Unfortunately, the vessel itself was judged unrepairable. Over time shifting sands buried the remains of the ship, and it seems that no serious attempt was ever made to dig them out.

But nature intervened in 1863, when another severe storm swept over what was then called Old Ship Harbor in eastern Cape Cod. The rain and wind and high seas turned over significant quantities of sand, which exposed the broken and aged pieces of a ship’s hull, keel, planks, and rudder. The timbers of the hull were in surprisingly good shape, and after being salvaged it was featured in a traveling show that put the remains of the reconstructed hull on display in many cities. In 1889 the ship’s timbers were donated to the Pilgrim Society, and they have remained in the collection of its museum for the past 133 years.

Hull lines of the Sparrow-Hawk as drafted by Dennison J. Lawlor, circa 1864. (Dennison J. Lawlor / CC BY-SA 3.0)

Hull lines of the Sparrow-Hawk as drafted by Dennison J. Lawlor, circa 1864. (Dennison J. Lawlor / CC BY-SA 3.0 )

The ship’s timbers have been “disassembled, measured, drawn, and exhibited many times,” Donna Curtin told the Boston Globe . “But they have never been fully examined archaeologically or forensically until now.”

The innovative archaeological and forensic research in this new study was performed by three scientists with expertise in shipwreck analysis, including lead author Calvin Mires from the Woods Hole Oceanographic Institution in Massachusetts, Fred Hocker from the Vasa Museum in Stockholm, Sweden, and Aoife Daly from the University of Copenhagen in Denmark.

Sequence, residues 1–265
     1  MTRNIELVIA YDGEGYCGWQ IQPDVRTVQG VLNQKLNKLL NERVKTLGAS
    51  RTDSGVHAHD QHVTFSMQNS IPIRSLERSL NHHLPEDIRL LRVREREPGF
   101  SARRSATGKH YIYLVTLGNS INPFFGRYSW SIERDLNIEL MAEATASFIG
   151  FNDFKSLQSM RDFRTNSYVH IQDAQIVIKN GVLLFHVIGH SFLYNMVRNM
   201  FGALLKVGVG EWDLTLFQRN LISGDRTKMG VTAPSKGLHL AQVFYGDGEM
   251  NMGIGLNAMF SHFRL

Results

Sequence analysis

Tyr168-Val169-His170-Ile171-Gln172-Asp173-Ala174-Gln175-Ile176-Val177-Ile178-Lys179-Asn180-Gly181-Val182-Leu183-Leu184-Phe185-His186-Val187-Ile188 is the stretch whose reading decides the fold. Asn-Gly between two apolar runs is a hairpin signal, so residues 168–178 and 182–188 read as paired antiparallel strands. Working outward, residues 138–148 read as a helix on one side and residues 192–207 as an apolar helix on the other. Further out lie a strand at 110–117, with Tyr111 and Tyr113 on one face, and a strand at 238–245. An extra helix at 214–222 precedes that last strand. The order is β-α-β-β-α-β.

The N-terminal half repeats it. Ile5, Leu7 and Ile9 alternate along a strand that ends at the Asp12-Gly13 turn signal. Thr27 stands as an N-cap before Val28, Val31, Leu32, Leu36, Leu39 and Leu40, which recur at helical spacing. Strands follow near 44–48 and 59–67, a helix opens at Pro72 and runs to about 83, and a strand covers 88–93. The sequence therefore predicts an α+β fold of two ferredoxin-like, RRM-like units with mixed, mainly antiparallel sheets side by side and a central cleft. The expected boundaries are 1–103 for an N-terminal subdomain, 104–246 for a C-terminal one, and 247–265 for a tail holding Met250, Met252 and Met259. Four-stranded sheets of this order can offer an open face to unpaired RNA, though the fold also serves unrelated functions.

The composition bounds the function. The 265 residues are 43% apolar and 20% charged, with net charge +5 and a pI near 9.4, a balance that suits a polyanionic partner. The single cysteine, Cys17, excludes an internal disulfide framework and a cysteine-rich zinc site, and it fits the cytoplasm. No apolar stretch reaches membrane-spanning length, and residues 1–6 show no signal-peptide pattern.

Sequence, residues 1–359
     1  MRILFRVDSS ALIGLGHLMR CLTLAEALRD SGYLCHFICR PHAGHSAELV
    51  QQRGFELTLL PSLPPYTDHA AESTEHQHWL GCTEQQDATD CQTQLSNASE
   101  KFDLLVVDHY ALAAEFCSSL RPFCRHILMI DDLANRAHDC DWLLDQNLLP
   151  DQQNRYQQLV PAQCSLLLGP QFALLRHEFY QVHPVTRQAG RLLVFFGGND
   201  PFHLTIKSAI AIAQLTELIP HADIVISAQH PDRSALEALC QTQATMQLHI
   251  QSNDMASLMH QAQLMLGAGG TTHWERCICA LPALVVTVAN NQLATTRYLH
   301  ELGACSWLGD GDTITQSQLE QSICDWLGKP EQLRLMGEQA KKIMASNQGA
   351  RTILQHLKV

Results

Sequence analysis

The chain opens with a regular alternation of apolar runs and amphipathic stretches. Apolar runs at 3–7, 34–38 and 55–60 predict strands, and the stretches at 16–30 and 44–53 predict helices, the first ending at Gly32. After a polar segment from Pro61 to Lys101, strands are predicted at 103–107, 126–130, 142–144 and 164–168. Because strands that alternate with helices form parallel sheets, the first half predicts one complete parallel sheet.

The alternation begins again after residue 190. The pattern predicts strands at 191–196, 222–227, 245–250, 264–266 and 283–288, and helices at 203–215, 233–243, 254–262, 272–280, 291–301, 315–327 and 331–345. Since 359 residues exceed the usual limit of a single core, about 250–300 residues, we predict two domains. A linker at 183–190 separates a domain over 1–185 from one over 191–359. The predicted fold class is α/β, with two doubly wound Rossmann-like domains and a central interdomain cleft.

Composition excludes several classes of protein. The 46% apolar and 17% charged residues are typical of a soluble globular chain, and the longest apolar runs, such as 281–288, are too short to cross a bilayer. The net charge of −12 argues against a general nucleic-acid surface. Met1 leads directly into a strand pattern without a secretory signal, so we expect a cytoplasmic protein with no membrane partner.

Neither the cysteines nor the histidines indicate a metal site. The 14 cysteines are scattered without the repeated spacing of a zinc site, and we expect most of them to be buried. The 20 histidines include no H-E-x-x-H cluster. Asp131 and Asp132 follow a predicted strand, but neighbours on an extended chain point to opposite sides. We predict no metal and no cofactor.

These scientists applied two different techniques to acquire relevant data on the 109 pieces of timber. One was a type of radiocarbon analysis known as wiggle-match dating, which showed the wood of the timber had been grown sometime between the years 1556 and 1646. The second involved a branch of science known as dendrochronology, which involves the analysis of tree ring growth patterns.  

According to the researchers, the ring patterns of the Sparrow-Hawk’s timber matched data obtained from trees that grew in southern England in the 17 th century. The timber tested was found to have been made from oak and elm, which the Vasa Museum’s Fred Hocker identified as another sign that suggests it came from the Sparrow-Hawk.

"That combination of woods is a traditional combination of materials in shipbuilding in England in that era," he said. "Everything I looked at just screamed 17th century to me."

"We cannot say with 100% certainty that this is the Sparrow-Hawk," Curtin said. "But we can say with much more confidence than ever before that what we have is compatible with the story in Gov. Bradford's journal."

Sparrow-Hawk To Be Rebuilt For Permanent Display in 2026

The last time the reconstructed timbers of the Sparrow-Hawk were on display for the public was in 2007. Since then, the ship’s remains have been kept in storage at the Plymouth Museum, where they will remain for the time being.

In the coming months, Donna Curtin plans to use digital modeling software to construct a 3D image of the ship.

A more thorough and accurate representation of its appearance could be helpful, since the museum plans to launch a new exhibit that will feature a reconstructed version of the Sparrow-Hawk in 2026, in honor of the 400th anniversary of the shipwreck. This will give the public a renewed opportunity to revisit the story of the Sparrow-Hawk, which remains a fascinating tale from the very earliest days of the American colonial experiment.

Top image: A recent extensive new analysis published in the Journal of Archaeological Science: Reports has more or less proven that the mysterious 1863 Cape Cod shipwreck is the 1626 Sparrow-Hawk small pinnace that sailed to the early English colonies but floundered at sea. Source: Journal of Archaeological Science: Reports

By Nathan Falde